Throughout the book, Port reorients the received narrative. Although we think of country music as religious and anodyne, he demonstrates how rough it was (and how interlinked with early rock). With a manageable cast of secondary characters, he couches the Paul-Fender rivalry as one colored by overtones of craftsmanship versus mass-production, with maybe a little theft of intellectual property.

Famous moments like the Beatles’ February 1964 arrival in New York aren’t highlighted for their puckish press conference or appearance on Ed Sullivan, but for the “miniature trade show” in their hotel suite that would furnish them with the instruments that  their sound. For George Harrison and John Lennon, that meant Rickenbacker 325s, manufactured by Leo Fender’s former partner. A year later, at the Newport Folk Festival, Bob Dylan broke purists’ hearts by playing “Maggie’s Farm” at top volume, and turning the electric guitar into what The Birth of Loud describes as a “tool for serious art.” Before this high-decibel revolution, the experience listening to and appreciating pop music was very different — but not necessarily fundamentally so. It’s just that rock consigned it to the dustbin of history.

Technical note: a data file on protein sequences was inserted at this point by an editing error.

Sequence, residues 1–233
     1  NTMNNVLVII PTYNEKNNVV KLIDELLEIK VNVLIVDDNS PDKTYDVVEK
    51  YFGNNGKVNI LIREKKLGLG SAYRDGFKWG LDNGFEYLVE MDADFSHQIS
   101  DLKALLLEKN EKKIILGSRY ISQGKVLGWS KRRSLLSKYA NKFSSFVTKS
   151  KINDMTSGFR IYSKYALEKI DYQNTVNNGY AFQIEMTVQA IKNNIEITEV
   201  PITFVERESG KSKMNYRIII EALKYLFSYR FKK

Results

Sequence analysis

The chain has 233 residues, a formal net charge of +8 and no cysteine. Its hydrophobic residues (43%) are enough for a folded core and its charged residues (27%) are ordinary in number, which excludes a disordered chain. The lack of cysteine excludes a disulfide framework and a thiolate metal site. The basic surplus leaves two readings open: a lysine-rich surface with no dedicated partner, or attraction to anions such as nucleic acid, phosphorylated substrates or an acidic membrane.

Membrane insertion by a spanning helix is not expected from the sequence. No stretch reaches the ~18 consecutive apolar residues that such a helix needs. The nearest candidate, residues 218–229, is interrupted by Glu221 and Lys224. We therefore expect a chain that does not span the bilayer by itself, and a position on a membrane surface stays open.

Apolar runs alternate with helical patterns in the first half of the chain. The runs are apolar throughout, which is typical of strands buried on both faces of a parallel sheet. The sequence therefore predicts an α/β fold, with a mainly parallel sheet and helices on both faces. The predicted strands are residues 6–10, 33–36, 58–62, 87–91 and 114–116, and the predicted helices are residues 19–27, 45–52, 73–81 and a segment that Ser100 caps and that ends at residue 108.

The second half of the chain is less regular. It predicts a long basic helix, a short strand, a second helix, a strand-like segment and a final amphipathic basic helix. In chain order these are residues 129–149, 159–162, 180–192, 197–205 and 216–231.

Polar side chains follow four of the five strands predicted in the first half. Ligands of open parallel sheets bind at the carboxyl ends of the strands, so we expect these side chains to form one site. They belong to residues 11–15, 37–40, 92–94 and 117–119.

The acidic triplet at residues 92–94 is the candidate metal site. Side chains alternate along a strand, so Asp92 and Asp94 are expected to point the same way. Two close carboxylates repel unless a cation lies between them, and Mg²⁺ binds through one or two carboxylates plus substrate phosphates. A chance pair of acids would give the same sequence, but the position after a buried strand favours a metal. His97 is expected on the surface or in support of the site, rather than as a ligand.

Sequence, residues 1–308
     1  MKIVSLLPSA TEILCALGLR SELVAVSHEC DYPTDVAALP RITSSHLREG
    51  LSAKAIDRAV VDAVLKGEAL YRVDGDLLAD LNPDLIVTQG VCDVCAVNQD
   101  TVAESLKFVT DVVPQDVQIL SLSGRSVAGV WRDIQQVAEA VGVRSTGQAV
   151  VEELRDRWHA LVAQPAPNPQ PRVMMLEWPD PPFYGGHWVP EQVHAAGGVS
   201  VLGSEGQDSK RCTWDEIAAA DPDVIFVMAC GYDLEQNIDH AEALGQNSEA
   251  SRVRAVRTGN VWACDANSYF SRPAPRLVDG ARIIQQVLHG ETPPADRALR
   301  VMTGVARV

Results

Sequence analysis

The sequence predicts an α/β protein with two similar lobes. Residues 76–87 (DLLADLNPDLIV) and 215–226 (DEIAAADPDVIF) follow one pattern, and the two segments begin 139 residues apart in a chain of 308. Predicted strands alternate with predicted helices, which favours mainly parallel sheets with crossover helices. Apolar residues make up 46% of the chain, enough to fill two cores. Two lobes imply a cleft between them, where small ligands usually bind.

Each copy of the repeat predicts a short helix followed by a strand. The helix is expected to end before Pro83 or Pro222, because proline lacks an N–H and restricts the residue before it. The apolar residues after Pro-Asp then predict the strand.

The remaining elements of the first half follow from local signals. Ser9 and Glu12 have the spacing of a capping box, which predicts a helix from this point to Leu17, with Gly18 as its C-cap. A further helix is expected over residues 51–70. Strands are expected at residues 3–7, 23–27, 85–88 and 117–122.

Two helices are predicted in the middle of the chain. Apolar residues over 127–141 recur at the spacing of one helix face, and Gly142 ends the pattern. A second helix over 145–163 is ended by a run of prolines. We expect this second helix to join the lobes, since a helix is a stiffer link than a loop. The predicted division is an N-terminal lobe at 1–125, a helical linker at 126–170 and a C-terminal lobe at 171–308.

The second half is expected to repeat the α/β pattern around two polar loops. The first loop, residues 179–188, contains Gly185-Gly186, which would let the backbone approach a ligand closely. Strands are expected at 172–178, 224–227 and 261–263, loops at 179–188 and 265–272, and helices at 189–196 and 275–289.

“There’s very little cultural memory about music before rock ’n’ roll,” Port tells SF Weekly. “Or about anything. In order to talk about things before rock ’n’ roll, you had to do a lot of research to evoke how life felt and what people listened to. The kind of sweet-sounding, innocent-sounding music that people were into that we hear as chirpy and a little naive — those people were actually really crazy. They were on drugs and having affairs and running around the country being wild crazy musicians like musicians always are.”